Just on the outskirts of the bustling city, Philadelphia gardens provide an opportunity to unplug.
Warm air rushes through lush grasslands, vibrant colors dance in fields of opulent tulips, and the faint aromas of delicate flora fill a sun-drenched day; these gardens assume personalities of their own. Each serves as a reminder of simpler pleasures.
In 1682, William Penn planted the seed for a vision of a “greene countrie towne.” What grew from from this vision during the next three centuries were more than 30 thriving public gardens within the greater Philadelphia area. In 1981, a collaborative of horticultural leaders and garden historians decided to cultivate Penn’s idea and formed what became Greater Philadelphia Gardens.
The founding members of the GPG shared a common idea: nature and sustainability are critical to our quality of life, and our humanity.
“Beautiful gardens are important to our enjoyment and our planet,” says Louise Eliason, coordinator of GPG. “Studies have shown that the sustainability of the earth is wholly dependent upon green space and how we manage these resources. Sustainability makes us live a little better.”
Today, Greater Philadelphia Gardens consists of 30 member public gardens led by a “dream team” of directors from the top public gardens in the Philadelphia area. This executive committee of marquee public garden leaders funded GPG in 2007, creating a not-for-profit collaborative to promote the diverse public gardens, special events, and horticulture educational programs in this area. These horticultural leaders include Executive Directors R. William Thomas of Chanticleer Gardens, Paul Redman of Longwood Gardens, Paul Meyer of Morris Arboretum, Claire Sawyers of the Scott Arboretum, Rick Lewandowski of Mt. Cuba, Howard Holden of Cabrini College, Drew Becher of Pennsylvania Horticultural Society, Louise Turan of Bartrams Garden, Jacob Thomas, Ph.D., of The Arboretum of the Barnes Foundation, and Chris Strand of Winterthur.
Greater Philadelphia Gardens now exists to educate and increase public awareness about the importance of green space and public gardens globally. The GPC also wants to let individuals know what is so special about these spaces locally by touting the bountiful gardens within America’s garden capital.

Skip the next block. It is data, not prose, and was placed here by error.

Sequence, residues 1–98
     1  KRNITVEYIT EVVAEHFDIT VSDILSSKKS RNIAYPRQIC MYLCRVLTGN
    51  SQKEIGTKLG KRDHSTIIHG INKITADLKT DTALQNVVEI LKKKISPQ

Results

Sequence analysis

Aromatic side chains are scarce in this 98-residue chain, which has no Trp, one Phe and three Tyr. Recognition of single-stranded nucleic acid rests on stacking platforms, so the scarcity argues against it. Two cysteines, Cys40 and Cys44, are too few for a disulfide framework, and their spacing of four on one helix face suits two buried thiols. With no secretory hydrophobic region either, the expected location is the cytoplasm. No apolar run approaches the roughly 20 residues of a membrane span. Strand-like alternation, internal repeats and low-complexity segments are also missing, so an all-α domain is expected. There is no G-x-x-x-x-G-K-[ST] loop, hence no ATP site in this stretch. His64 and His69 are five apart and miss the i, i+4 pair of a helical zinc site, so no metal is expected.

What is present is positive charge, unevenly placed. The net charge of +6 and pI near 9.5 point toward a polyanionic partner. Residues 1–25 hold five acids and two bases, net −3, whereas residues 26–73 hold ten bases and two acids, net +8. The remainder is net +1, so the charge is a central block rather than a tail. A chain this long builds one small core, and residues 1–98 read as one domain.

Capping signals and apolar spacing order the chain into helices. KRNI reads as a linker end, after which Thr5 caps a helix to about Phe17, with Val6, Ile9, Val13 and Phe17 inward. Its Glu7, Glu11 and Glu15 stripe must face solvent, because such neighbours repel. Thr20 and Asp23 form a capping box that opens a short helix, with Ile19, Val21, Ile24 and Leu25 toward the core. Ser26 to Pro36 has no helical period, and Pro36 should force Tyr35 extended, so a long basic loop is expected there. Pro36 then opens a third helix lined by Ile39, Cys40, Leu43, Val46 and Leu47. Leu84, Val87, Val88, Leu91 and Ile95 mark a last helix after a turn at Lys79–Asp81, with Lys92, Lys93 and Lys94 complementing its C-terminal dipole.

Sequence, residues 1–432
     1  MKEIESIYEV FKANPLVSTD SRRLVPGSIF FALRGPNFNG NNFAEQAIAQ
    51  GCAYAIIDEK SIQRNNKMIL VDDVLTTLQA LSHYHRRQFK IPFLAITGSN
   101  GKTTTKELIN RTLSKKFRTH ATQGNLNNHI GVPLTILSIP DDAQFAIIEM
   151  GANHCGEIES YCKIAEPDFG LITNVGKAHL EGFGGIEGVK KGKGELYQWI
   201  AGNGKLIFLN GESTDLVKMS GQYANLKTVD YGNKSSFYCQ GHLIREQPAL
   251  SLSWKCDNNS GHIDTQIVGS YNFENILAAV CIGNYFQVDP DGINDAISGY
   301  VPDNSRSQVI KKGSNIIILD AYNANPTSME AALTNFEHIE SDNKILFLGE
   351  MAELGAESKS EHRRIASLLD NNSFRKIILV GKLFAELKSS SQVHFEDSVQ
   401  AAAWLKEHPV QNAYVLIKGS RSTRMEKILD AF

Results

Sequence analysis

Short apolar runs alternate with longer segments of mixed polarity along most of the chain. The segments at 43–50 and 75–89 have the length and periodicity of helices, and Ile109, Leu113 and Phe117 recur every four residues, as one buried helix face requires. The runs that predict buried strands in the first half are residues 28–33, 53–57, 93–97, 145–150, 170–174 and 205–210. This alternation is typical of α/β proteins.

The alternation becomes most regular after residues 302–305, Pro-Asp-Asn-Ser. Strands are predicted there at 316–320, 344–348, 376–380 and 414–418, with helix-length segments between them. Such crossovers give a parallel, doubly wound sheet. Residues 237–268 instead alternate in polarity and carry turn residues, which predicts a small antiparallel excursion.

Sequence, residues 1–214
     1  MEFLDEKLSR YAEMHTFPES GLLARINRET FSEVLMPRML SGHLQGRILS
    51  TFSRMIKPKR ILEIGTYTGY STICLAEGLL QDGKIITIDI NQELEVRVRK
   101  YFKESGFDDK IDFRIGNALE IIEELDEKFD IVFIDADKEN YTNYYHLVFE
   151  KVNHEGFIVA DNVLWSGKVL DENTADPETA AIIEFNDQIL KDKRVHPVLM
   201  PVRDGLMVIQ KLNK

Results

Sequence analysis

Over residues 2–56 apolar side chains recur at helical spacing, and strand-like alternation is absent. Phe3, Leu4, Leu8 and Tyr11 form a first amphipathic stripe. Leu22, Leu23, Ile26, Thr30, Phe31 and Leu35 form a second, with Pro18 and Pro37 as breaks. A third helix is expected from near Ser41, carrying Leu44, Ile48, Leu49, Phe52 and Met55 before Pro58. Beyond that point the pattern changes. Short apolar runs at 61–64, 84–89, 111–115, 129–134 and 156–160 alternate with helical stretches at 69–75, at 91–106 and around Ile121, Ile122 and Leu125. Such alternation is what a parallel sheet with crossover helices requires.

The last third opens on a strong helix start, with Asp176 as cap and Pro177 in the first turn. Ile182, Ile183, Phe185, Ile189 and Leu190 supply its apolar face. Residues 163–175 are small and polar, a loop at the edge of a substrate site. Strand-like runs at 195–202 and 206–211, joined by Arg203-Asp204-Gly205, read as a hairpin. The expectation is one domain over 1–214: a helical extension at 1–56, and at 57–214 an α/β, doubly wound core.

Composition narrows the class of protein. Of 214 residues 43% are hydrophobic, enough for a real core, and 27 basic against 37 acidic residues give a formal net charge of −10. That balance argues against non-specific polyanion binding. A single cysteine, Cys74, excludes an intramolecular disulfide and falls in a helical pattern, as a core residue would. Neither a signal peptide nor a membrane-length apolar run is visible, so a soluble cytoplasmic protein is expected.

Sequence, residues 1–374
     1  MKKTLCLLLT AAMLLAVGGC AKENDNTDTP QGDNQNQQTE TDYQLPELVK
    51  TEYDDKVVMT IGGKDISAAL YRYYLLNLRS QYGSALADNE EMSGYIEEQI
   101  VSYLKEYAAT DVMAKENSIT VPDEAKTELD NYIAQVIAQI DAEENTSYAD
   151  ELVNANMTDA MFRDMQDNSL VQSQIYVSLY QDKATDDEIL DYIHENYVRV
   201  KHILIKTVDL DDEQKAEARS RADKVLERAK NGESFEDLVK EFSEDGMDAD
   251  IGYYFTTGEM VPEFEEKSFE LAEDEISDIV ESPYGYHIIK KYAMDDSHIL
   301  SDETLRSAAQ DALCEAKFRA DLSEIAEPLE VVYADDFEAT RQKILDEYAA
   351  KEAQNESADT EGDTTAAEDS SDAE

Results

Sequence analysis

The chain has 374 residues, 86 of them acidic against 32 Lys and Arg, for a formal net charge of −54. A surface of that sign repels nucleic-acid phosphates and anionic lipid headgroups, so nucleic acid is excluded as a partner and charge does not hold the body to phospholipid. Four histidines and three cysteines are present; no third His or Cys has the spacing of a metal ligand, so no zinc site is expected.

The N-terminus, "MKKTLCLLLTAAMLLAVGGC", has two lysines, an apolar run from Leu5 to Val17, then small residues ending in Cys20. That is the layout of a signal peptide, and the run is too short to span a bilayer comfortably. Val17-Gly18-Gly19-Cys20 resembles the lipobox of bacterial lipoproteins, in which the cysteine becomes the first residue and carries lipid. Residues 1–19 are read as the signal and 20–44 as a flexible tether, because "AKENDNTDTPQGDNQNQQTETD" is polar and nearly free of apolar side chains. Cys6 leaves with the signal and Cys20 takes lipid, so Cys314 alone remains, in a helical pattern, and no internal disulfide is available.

“Greater Philadelphia Gardens has more public gardens and more arboreta in the greater Philadelphia area than anywhere else on the continent,” says GPG chairman R. William Thomas.
The mid-Atlantic region is blessed with the perfect environment for gardens, with a diverse range of growing conditions. Eliason suggests picking three gardens to visit in a trip: one you know well, one that is nearby, and one that you have never heard of. Each garden has a distinct personality as they transition with the season. With green and flowering trees, shrubs and plant collections changing weekly, it is rare to visit the same garden twice.
“I am continually surprised and delighted by the unique character of each garden,” says Eliason. “The beauty of nature is one of the most magnificent ways of inspiring your creativity and filling your soul.”
Gardens connect us to nature. They also provide ideas for one’s own garden. Whether you are exploring the feeling of Versailles at Nemours Mansion and Gardens, complemented with Italian architecture in sunken gardens, or enjoying the lilies, tulips, and celestial wisteria at Longwood Gardens, or America’s horticultural roots at Bartrams Garden and Morris Arboretum at the University of Pennsylvania, there is something for everyone within each garden.
With more than 100 summer events for children, gardens are also a wonderful place for your tiny treasures to grow.
“Even if you are someone who is not passionate about gardens, public gardens still provide a gorgeous place to go for an event, concert, or to enjoy conversations among friends,” says Eliason. “Gardens are inspirational, and we could all use a little of that.”
Most of the gardens within GPG are open from spring to autumn, and some have winter hours. If you are interested in learning more about events, gardens, or sustainability in the Philadelphia area, visit Greater Philadelphia Gardens on the web at www.greaterphiladelphiagardens.org.